Marketing Communications in the Islamic Perspective: Communicating the Halal Branding

Marketing Communications in the Islamic Perspective: Communicating the Halal Branding

Omar Ramzy (Heliopolis University for Sustainable Development, Egypt) and Omar H. Eldahan (Heliopolis University for Sustainable Development, Egypt)
DOI: 10.4018/978-1-4666-8139-2.ch007
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Because the Muslim market is so large, its potential has become a focus of many studies. However, few companies have managed to crack into this huge and lucrative market. This chapter attempts to define the problems and obstacles faced by companies attempting to cover this market and understand where they have failed. Furthermore, the chapter then provides guidelines towards avoiding and overcoming these obstacles while simultaneously turning them into opportunities. In this chapter, it was found that the mistakes commonly made are due to the coding of the messages, the lack of trust of companies, as well as an overuse and degrading of the Halal brand. It also finds that by establishing trust and relationship with the Muslim consumers, as well as by spreading awareness of the Muslim needs and culture among the employees of the company, these issues can be successfully tackled.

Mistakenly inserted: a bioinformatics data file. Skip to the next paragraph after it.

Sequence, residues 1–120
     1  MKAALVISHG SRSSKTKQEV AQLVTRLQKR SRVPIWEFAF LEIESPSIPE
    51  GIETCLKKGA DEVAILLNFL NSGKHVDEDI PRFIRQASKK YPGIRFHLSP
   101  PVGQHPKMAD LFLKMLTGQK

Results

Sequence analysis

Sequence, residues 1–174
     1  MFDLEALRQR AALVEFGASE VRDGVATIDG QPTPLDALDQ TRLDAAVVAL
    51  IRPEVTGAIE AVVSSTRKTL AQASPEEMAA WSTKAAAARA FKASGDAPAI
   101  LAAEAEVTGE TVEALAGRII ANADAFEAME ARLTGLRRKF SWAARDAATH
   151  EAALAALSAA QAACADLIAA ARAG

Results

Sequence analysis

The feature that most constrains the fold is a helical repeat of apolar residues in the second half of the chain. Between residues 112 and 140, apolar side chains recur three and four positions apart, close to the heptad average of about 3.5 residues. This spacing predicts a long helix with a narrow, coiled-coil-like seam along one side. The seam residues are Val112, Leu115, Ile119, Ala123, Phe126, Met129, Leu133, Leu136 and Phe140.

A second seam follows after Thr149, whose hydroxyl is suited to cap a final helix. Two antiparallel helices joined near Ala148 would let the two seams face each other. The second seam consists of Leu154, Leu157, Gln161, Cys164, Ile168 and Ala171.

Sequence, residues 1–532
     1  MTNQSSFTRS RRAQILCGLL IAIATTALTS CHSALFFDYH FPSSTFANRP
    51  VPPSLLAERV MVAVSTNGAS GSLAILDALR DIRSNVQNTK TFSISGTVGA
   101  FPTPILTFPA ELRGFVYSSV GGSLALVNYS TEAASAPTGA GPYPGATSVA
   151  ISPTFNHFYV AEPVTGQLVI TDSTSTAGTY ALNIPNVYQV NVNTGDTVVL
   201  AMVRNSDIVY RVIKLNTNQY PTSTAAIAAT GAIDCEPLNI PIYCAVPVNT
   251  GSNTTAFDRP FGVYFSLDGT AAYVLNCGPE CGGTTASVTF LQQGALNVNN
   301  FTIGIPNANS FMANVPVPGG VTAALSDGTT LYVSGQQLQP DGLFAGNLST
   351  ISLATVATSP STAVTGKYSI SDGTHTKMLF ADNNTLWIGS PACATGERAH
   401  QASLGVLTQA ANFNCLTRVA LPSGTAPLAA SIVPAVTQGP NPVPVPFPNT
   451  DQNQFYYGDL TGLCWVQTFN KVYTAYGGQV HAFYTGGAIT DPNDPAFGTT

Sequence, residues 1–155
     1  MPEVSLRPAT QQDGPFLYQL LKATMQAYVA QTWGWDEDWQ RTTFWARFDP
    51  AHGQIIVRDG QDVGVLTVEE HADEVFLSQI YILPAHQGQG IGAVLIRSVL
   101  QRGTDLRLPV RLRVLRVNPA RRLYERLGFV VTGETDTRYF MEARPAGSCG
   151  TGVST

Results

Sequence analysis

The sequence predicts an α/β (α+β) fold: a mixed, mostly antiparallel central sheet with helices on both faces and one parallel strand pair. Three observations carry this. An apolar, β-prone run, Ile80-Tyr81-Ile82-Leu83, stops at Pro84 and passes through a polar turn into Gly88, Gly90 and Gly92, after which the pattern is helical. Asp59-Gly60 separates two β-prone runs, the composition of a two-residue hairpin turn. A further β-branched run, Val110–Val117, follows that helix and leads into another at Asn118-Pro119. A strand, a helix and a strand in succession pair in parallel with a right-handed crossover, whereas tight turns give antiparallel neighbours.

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Of all the different countries, cultures, ethnicities, norms and religions, perhaps the one most often misunderstood (and thus communicated with poorly) is Islam. Islam, as with most other major religions, is not merely a religion; it is in fact an entire culture that purveys across the different countries and unifies an otherwise completely diverse and unrelated group of people. This unity despite political, linguistic and social barriers is further strengthened by the prevalence of only one major branch of Islam (Sunni) with approximately 75% of the world’s Muslim population adhering to it. Then why is it that communication with them is often so difficult? One reason is the dual nature of the unity of the Muslim religion and of Muslims themselves; for it can be said that Muslims can have the same and different views about the same words, teachings, and scriptures (Jafari, 2012).

These issues have created large hurdles to overcome, and overcome them we must because the size of the potential market of the Muslim community is huge — it is comprised of over 1.5 billion people world-wide with an incredible $2.1 trillion global market (J. a. J. Wilson & Liu, 2010). This untapped market has increased the demand for expertise and knowledge on Islamic Branding (IB) and has generated entirely new fields of study (Alserhan, 2010). In order to understand this field and to capitalize on the market, the key ideas and beliefs of Muslims must be understood. Many Muslims follow a strict interpretation of Islam banning any product that has to do with alcohol, pork, gambling and other harmful business practices; this stems from the Muslims’ concept of “Haram” and “Halal”. Something that is Haram is forbidden in the Muslim religion and Muslims thusly fear punishment for engaging in such activities. Halal, on the other hand is anything that is permitted or permissible to do in Islam.

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